Seth Kantner was an invited author at The Nature of Words this year. I finally got around to reading his novel Ordinary Wolves. This debut novel is set in Northern Alaska and follows Catuk Hawcly, an Alaskan-born white boy. Catuk lives with his father, brother, and sister, and they are a two-day dog sled ride from the nearest village. It was difficult at first for me to follow Catuk as a young boy.
Here’s a passage that made much more sense to me when I re-read it after finishing the book:
“It was hard to look at Enuk – or any traveler – in the eyes after seeing no people for weeks. It was hard to speak and not run and hide again. Enuk’s frost-scarred face betrayed mysteries and romantic hard times that drew a five-year-old boy with swollen dreams.” … “ The day I turned old I was going to be Enuk. Small discrepancies left footprints in my faith, such as the fact that he was Eskimo and I seemed to be staying naluaġmiu. But years lined up ahead, promising time for a cure.”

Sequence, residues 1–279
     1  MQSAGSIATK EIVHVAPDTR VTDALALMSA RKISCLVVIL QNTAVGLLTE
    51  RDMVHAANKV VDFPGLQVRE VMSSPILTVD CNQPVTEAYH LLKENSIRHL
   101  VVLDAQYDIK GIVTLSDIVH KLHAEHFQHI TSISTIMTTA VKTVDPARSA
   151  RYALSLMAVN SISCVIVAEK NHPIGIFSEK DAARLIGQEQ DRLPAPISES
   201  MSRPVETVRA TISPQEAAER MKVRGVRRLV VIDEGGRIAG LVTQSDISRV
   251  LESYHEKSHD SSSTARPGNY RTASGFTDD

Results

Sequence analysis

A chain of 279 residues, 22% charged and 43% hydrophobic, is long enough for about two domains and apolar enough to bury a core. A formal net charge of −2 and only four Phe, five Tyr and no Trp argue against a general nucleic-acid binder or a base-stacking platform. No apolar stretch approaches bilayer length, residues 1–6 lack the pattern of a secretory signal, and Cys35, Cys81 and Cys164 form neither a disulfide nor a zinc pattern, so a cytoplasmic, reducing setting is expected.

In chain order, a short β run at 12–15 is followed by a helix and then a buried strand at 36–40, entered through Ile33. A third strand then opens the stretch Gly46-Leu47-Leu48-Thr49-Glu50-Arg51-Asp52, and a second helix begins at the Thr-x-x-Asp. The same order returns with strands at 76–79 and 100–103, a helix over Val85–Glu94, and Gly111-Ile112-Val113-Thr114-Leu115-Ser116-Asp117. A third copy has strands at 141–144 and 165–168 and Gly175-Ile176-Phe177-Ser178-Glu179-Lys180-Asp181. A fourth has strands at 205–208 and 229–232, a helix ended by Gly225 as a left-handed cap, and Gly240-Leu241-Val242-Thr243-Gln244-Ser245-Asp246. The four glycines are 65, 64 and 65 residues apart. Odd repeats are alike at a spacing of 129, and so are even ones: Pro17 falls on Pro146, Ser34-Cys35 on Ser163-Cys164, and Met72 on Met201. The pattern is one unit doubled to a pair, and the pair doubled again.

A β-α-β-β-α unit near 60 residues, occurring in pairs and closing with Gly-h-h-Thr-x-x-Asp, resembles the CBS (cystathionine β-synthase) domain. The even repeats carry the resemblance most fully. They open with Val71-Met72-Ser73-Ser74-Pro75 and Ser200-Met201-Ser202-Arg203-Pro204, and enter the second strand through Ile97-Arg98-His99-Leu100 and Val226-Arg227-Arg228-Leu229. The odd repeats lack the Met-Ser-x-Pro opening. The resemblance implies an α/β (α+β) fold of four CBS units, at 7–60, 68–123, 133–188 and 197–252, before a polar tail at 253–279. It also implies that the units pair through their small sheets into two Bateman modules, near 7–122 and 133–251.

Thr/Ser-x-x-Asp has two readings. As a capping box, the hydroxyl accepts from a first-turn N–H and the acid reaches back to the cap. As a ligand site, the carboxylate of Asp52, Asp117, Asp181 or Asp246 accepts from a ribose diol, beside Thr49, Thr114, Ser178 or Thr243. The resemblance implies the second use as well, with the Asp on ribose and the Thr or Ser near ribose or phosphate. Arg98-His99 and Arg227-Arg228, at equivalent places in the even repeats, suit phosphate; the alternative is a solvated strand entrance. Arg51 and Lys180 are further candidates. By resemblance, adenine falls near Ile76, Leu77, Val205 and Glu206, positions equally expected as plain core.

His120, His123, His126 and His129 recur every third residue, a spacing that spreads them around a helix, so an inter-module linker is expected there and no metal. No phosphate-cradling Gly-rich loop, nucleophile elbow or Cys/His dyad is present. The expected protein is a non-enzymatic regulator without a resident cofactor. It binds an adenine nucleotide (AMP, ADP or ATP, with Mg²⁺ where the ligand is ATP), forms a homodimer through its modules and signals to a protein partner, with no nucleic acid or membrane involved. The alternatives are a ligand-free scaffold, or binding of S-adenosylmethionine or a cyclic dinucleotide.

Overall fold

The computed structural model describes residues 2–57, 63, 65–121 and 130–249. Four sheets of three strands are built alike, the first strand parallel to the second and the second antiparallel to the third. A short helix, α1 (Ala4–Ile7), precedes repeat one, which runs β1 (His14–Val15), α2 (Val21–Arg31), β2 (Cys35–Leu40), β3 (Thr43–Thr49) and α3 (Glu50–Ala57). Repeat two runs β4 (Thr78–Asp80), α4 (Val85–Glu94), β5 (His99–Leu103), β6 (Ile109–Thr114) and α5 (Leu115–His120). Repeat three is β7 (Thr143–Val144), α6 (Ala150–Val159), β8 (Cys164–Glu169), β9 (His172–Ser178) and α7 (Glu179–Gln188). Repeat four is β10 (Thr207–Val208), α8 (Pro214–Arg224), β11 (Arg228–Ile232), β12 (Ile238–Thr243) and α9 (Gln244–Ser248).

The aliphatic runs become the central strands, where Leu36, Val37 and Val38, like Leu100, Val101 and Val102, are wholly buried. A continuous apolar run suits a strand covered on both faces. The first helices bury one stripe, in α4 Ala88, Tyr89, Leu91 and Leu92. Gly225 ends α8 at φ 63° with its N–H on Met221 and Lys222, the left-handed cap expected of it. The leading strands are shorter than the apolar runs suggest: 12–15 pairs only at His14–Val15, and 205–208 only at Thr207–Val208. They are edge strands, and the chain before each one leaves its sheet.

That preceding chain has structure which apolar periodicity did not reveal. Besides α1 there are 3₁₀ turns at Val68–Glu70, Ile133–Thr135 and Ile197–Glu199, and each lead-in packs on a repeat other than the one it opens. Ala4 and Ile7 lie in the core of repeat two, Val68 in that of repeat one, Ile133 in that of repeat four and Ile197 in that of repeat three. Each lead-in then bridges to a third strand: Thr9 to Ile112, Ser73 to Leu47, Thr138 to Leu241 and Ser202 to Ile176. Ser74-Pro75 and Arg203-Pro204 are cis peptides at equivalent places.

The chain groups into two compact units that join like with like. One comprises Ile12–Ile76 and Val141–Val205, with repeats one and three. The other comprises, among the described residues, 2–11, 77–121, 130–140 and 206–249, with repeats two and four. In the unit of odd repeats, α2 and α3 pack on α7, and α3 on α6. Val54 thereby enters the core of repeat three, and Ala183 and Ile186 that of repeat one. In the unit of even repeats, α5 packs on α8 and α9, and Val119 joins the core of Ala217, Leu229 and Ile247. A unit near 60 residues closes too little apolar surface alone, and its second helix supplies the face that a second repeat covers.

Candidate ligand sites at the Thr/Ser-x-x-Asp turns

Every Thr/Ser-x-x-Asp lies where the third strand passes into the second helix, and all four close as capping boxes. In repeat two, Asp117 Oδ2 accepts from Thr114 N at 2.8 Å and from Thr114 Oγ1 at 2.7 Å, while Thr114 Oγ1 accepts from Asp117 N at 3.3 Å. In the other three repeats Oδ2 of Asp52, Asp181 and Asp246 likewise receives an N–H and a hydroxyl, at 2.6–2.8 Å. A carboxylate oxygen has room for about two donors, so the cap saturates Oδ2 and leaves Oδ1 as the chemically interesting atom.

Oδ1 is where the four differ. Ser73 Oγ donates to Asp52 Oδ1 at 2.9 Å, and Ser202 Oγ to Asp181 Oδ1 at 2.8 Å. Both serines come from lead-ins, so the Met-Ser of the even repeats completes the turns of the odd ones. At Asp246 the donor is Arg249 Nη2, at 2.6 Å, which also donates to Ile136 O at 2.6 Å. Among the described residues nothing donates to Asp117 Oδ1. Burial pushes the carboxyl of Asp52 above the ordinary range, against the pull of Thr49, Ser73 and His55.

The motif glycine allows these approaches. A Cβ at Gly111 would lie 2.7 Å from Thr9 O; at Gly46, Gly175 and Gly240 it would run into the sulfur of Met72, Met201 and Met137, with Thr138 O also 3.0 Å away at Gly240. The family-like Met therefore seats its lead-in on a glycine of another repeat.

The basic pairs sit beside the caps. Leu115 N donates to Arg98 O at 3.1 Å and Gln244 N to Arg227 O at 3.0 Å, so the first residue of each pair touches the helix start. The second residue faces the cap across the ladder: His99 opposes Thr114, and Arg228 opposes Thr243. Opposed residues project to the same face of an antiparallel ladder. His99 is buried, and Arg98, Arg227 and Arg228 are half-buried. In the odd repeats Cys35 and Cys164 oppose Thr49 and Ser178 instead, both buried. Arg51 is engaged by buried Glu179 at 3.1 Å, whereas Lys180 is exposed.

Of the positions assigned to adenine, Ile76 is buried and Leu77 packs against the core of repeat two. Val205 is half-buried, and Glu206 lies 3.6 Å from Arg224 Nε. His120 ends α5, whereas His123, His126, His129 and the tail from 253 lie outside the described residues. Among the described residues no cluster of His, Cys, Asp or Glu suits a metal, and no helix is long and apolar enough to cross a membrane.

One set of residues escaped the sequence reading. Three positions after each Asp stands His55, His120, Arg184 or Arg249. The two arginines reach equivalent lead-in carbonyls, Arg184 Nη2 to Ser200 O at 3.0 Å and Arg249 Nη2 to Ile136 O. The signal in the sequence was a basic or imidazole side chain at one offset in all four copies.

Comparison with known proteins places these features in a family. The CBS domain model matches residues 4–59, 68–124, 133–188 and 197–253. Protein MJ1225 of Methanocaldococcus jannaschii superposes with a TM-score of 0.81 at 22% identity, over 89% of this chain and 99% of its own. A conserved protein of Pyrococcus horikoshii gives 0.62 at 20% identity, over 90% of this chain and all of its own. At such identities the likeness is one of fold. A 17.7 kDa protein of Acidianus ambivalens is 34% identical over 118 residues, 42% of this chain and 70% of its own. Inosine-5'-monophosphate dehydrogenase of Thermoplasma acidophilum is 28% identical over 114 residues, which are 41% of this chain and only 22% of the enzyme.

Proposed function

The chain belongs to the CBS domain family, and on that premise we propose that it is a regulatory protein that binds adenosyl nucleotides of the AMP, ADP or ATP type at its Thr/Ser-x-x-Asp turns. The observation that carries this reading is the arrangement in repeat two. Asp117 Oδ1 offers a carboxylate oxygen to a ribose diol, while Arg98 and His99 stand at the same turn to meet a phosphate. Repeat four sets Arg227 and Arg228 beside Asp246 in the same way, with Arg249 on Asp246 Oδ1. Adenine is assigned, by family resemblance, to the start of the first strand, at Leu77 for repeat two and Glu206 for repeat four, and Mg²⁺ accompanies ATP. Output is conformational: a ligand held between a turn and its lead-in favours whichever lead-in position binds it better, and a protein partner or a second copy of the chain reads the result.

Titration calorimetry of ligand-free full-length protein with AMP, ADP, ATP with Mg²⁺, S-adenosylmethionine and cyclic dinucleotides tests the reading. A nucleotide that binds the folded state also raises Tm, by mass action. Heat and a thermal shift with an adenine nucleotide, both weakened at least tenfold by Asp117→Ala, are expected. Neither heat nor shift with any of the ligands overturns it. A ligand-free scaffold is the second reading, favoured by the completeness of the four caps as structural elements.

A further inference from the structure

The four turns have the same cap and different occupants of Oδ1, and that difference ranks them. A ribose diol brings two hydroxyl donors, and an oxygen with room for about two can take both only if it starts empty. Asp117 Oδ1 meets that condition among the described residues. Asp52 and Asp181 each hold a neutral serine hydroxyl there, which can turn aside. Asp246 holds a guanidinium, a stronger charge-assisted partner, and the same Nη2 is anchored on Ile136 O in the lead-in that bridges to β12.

It is a coming-of- age story. When Catuk tries to live in Anchorage you really get more of a sense of him and how isolated he’s been. He physically fits in better in Anchorage, but is constantly trying to figure out people.
“I paused in coffee shops, eavesdropping, trying to emulate, acclimate, relate. I watched the caribou – the average people grazing through their days – men who griped about Tongass timber harvests while their engines idled; women with big dyed hair carrying Can’t-Grows with shaved haircuts; homeless men asking for spare change and apologizing for needing it.”
Catuk’s father is an interesting character as an artist raising three children. Catuk’s sister and brother also go through their own identity crises and adapt to where they want to be in the world. Stories of the nearby villagers and Catuk and his family are interspersed with chapters following the lives of wolves.
Here Catuk seems to hit on the main reason he’s having trouble adjusting to life anywhere:
“‘Every time I get a grip on what matters, then I’m all confused again. A white-person career, with insurance? And a Pension? Something is missing in me – that feels like being born a wolf and choosing a dog’s life.’”
It would have been interesting to hear this author speak. I’d love to hear from anyone who made it to his reading or workshop.
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